As to the Question are we safer. I think the answer is easy. Yes, we are safer, but at a cost. We are not as free as we used to be.

HART WILLIAMS
Member

Actually, I think that what these statistics point to is the old computer concept of GIGO: Garbage In, Garbage Out.

Once a first impression has been made, it is very difficult to “correct” that impression when new information contradicts the original facts.

We see the same phenomenon in the “birther” movement, which has a certain number of hard-core supporters who simply refuse to believe any new factual information that comes to light.

A certain number of people believed intensely that Saddam Hussein A) had Weapons of Mass Destruction and B) materially assisted in 9-11.

As new facts came to light, they were either ignored or discounted, because that first impression had become the operant “fact” in their processing.

Another example: the “Mugshot Saloon” in “downtown” Wasilla, Alaska, which the Mudflats blog, and CNN, ABC, NBC, CBS, etc. claimed was representative of “backwoods” Wasilla.

To this day, nobody has shown the long strip malls on either side, nor the incredible “box store” development on all sides of the supposedly hardscrabble “small town” bar that has nothing whatsoever to do with any typical Wasilla scene.

The “first impression” remains the only impression, even though it is clearly a false impression. And that’s three years later.

GIGO is a real phenomenon, and it isn’t cynical to note that some political operatives make great use of the long-lasting effects of a false first impression.

Dorian de Wind, Military Affairs Columnist
Member

No problem, Steve (at least not with me).

I have often written a post too “subtle,” or too “nuanced,” or with so much satire (and I am not saying this is the case here) that they have often been misunderstood :)

HART WILLIAMS
Member

EEllis provides a perfect example of how effective this nonsense is. Fox News reported his “facts” on June 22, 2006.

Their “facts” were immediately debunked by June 23, 2006, but the initial impression, having been reinforced, remains EEllis’ mindset. (Qualifications notwithstanding.) Mere semantic parsing to “recover” the debunked facts shows how tenaciously the first impression can be latched onto.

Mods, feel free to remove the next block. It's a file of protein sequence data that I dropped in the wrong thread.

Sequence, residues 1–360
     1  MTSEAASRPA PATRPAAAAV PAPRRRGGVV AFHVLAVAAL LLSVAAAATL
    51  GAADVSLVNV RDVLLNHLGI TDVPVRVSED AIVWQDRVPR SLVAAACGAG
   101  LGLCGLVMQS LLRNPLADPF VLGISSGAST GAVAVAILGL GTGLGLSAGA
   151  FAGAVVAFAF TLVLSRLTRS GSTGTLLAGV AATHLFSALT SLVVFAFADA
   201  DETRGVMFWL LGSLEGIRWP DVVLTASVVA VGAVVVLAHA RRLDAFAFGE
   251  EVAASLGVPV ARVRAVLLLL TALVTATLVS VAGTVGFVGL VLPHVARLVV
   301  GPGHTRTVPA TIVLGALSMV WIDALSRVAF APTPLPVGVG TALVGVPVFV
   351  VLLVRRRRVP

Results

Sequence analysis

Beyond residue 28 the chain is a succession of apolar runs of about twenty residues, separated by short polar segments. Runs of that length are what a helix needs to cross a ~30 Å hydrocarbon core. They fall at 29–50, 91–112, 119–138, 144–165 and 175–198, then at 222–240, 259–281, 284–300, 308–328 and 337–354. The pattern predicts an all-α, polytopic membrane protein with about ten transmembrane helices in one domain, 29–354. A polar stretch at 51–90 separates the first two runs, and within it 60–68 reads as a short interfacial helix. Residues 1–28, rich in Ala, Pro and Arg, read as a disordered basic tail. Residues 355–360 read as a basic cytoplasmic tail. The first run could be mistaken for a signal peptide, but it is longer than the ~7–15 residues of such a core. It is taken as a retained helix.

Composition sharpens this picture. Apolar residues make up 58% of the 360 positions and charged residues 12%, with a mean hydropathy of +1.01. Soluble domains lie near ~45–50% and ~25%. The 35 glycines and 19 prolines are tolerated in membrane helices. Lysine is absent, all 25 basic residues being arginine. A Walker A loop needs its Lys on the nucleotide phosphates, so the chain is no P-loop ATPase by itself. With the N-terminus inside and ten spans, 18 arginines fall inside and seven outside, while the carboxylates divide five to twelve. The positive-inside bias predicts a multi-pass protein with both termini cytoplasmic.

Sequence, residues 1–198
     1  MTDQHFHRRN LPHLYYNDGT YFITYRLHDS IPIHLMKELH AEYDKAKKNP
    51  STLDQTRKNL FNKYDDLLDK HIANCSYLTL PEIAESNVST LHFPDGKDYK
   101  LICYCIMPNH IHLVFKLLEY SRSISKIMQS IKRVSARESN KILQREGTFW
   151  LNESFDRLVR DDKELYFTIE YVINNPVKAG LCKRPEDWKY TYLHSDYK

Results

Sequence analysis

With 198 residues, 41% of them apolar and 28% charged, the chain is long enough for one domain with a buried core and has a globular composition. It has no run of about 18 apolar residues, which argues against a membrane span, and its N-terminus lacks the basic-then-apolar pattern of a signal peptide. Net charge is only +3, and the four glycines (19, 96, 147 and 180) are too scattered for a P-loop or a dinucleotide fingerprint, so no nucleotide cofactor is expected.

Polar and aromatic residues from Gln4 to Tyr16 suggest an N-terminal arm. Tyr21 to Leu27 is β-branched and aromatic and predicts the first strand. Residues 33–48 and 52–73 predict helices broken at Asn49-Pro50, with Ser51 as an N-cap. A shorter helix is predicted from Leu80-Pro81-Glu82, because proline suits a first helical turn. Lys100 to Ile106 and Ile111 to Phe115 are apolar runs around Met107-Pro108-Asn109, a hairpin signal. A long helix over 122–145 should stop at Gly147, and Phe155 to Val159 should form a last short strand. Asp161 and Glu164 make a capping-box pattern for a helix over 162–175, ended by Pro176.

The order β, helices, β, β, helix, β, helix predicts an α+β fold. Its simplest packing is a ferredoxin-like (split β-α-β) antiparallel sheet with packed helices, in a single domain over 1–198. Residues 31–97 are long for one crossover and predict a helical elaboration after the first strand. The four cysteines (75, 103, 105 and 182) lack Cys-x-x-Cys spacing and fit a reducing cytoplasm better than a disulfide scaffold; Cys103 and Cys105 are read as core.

Fox News “story” 6-22-06:
http://www.foxnews.com/story/0,2933,200499,00.html

Fact check 6-23-06:
http://mediamatters.org/research/200606230005

JSpencer
Member

“GIGO is a real phenomenon, and it isn’t cynical to note that some political operatives make great use of the long-lasting effects of a false first impression.”

Even news organizations make great use of the phenomenon, FOX is the obvious one that comes to mind.

HART WILLIAMS
Member

When I used “political operatives” Fox News was one of those I meant. 😉

Dorian de Wind, Military Affairs Columnist
Member

Nick,

Thanks for(once more) debunking some of those persistent, “technical” claims, distortions, exaggerations and innuendoes

EEllis
Guest

EEllis provides a perfect example of how effective this nonsense is. Fox News reported his “facts” on June 22, 2006.

Hey did you not read my entire post?
” Of course all are believed to be pre gulf war but technically we did find WMD’s.”

the initial impression, having been reinforced, remains EEllis’ mindset.

Don’t tell me my mindset. I know exactly what weapons were found and what they represent. I also understand there was no evidence of any effective or substantial WMD projects at all. That does not effect the fact that WMD’s were found. I am someone who like precision in statements. If Nick had said “or that Iraq had active WMD programs” then I would have said nothing as that would have been an accurate statement where as Iraq did have left over WMD’s from before the Gulf war.